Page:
Changes in climate are affecting tree growth, fire regimes and the geographic ranges of species (Beck et al. 2011; Kelly et al. 2013). Increasing our understanding of how boreal tree species respond to climate warming is critical for predicting the future states of the boreal forest and assessing the global impacts of these changes. Black spruce (Picea mariana [Mill.] B.S.P.) is the most abundant tree species in the Interior Alaskan boreal forest. Although it grows in a variety of community types (Hollingsworth et al. 2006), it is the only tree species found at the coldest, wettest sites on the landscape. Despite its abundance, very little is known about the climate-growth relationships of black spruce, as the majority of dendrochronological studies in Interior Alaska involve white spruce growing at treeline.
    • Effect of thaw depth on fluxes of CO2 and CH4 in manipulated Arctic coastal tundra of Barrow, Alaska

      Kim, Yongwon; Oechel, Walter C. (2015-04)
      The manipulation treatment consisted of draining, controlling, and flooding treated sections by adjusting standing water. Inundation increased CH4 emission by a factor of 4.3 compared to non-flooded sections. This may be due to the decomposition of organic matter under a limited oxygen environment by saturated standing water. On the other hand, CO2 emission in the dry section was 3.9-fold higher than in others. CH4 emission tends to increase with deeper thaw depth, which strongly depends on the water table; however, CO2 emission is not related to thaw depth. Quotients of global warming potential (GWPCO2) (dry/control) and GWPCH4 (wet/control) increased by 464 and 148 %, respectively, and GWPCH4 (dry/control) declined by 66 %. This suggests that CO2 emission in a drained section is enhanced by soil and ecosystem respiration, and CH4 emission in a flooded area is likely stimulated under an anoxic environment by inundated standing water. The findings of this manipulation experiment during the autumn period demonstrate the different production processes of CO2 and CH4, as well as different global warming potentials, coupled with change in thaw depth. Thus the outcomes imply that the expansion of tundra lakes leads the enhancement of CH4 release, and the disappearance of the lakes causes the stimulated CO2 production in response to the Arctic climate change.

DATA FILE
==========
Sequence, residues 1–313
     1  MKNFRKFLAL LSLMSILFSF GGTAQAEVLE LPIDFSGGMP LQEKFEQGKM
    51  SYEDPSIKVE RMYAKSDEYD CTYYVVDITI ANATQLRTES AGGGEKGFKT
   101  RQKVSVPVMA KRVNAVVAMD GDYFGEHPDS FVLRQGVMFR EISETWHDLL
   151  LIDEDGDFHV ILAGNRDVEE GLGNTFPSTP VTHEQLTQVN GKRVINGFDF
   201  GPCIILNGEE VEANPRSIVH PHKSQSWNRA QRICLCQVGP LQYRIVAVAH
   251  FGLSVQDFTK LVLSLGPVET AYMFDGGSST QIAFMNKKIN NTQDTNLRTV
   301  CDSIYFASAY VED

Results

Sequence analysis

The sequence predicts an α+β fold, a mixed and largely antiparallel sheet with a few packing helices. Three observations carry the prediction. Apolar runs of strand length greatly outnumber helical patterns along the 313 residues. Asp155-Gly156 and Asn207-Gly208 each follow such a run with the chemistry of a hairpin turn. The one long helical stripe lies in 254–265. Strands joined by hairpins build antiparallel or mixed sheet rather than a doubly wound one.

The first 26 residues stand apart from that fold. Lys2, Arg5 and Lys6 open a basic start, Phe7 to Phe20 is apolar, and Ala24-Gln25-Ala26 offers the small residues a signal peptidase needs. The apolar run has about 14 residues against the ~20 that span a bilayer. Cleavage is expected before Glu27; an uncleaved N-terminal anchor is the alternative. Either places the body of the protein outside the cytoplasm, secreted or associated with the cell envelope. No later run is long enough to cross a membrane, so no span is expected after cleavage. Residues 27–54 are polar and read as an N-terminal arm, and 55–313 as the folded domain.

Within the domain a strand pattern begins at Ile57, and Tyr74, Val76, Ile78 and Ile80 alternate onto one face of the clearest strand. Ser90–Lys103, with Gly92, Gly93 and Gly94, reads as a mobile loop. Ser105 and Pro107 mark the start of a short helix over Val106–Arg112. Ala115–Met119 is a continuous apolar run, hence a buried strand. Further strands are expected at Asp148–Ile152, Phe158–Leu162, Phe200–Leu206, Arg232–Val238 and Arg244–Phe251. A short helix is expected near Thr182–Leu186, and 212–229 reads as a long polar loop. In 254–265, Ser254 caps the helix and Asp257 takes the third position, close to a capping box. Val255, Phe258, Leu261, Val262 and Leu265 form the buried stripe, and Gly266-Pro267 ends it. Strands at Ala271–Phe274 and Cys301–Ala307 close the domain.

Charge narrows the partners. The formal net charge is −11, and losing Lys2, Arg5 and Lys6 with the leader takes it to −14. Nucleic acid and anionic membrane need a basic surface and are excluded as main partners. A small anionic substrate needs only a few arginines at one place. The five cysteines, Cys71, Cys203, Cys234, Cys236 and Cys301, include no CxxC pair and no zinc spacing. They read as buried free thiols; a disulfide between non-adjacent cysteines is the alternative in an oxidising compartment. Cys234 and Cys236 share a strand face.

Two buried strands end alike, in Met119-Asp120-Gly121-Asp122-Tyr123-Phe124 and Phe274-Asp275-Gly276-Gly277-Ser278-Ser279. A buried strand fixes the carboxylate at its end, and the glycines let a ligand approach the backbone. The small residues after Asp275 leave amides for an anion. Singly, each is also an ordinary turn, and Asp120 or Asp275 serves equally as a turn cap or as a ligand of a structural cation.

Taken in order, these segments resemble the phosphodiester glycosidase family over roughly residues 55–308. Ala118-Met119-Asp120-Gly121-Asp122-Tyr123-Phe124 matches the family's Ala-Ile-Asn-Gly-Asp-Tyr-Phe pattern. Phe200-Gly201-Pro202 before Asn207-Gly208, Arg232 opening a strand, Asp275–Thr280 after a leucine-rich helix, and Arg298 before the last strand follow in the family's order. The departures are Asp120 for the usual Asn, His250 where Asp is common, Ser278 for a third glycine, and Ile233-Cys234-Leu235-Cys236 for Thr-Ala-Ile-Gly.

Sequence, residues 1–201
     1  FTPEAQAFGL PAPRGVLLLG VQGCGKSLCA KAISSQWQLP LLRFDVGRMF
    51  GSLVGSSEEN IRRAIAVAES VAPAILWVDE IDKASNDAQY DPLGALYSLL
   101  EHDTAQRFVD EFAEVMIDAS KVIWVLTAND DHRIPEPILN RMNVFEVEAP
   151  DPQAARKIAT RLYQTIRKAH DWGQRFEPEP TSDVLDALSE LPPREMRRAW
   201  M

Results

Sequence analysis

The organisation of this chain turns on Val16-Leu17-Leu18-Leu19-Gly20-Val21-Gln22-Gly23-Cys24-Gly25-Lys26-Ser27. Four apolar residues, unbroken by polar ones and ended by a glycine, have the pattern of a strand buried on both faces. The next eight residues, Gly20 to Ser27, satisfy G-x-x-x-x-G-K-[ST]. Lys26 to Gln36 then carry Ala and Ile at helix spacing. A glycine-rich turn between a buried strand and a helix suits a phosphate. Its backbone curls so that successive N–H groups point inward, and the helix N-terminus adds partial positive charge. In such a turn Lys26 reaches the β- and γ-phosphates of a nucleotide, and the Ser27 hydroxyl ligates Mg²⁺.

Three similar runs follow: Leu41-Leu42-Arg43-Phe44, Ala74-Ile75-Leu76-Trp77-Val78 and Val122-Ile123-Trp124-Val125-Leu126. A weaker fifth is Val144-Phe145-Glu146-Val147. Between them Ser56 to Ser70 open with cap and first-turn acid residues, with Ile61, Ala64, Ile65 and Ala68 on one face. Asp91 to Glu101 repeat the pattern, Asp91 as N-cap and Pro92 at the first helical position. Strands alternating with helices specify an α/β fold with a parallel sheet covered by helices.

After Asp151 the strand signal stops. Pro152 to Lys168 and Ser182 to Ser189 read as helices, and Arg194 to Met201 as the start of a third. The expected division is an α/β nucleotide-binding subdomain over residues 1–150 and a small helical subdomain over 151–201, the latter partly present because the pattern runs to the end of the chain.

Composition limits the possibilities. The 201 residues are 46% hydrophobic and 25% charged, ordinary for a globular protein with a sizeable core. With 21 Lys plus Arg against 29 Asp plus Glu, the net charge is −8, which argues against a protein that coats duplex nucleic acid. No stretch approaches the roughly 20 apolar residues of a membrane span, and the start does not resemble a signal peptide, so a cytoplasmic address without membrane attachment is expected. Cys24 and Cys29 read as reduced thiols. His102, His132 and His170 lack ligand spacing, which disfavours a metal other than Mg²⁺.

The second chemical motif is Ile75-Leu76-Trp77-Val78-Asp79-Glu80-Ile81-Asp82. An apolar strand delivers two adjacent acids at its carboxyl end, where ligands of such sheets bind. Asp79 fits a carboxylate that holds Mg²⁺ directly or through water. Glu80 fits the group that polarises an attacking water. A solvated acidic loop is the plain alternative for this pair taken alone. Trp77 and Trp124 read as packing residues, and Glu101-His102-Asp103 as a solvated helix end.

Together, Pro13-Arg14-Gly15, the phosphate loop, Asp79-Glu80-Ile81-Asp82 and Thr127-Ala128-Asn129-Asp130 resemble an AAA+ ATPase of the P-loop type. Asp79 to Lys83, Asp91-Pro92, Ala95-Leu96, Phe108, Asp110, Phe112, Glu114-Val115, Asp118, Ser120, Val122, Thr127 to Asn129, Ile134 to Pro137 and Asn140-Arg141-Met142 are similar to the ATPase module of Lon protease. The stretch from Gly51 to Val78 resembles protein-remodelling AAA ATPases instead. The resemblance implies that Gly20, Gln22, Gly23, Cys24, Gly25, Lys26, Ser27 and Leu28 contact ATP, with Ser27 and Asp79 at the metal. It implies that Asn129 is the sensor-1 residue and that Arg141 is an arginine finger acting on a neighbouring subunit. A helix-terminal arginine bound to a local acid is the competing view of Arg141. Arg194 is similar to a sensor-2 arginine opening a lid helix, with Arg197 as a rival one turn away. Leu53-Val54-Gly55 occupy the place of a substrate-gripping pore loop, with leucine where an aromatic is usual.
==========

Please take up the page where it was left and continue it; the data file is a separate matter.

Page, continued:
• Using local knowledge, hydrologic, and climate data to develop a driftwood harvest model in interior Alaska

      Jones, Chas; Hinzman, Larry D.; Kielland, Knut (2011-12)
      Rural Alaskan residents are concerned that the character of the summer discharge in the Yukon River is changing, which is affecting their ability to harvest driftwood. The Yukon River flows northwesterly through British Columbia and the Yukon Territory before flowing southwest through Alaska. In most summers, residents of Tanana, Alaska harvest driftwood from the Yukon River during two different periods. Typically, driftwood accompanies high flows on the Yukon River associated with spring break‐up. A few weeks later, a second series of driftwood appears, associated with the “2nd rise,” which is reported to occur during early June. This study examines the nature of the differential timing of high flow events in the Yukon River. Many communities in interior Alaska have grown to rely upon driftwood as an important source of wood, which is used in construction, carving, and as a fuel source. Increasingly, villages in rural Alaska are trying to lessen their dependence upon expensive fossil fuels. To achieve this goal, a number of Alaskan villages have recently installed wood chip‐fired boilers to generate heat and/or electricity and additional boilers are slated to be installed in rural Alaska in the near future. These boilers are largely fed by driftwood, a cheap and easily processed wood source. Some Tanana residents have expressed concern that in recent years, driftwood was not readily available because the “2nd rise” flood event was absent. This is disconcerting for rural Alaskans that are becoming increasingly reliant upon the driftwood flows. Our goal is to determine if the perceived changes in driftwood availability are related to changes in river hydrology and if predicted changes in hydrology may affect driftwood flows and the livelihoods of rural Alaskans.